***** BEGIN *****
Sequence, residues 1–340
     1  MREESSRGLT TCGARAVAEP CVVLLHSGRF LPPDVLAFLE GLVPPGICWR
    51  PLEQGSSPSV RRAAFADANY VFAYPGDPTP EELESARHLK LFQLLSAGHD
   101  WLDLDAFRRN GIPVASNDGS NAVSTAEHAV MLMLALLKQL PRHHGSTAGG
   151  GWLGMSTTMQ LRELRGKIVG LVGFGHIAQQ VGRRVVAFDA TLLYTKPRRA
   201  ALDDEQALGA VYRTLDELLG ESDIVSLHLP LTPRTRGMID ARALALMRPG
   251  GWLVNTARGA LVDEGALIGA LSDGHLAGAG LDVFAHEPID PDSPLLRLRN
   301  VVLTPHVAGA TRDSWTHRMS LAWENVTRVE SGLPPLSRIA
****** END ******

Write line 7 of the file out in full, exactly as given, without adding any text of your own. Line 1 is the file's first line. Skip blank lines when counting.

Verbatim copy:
   251  GWLVNTARGA LVDEGALIGA LSDGHLAGAG LDVFAHEPID PDSPLLRLRN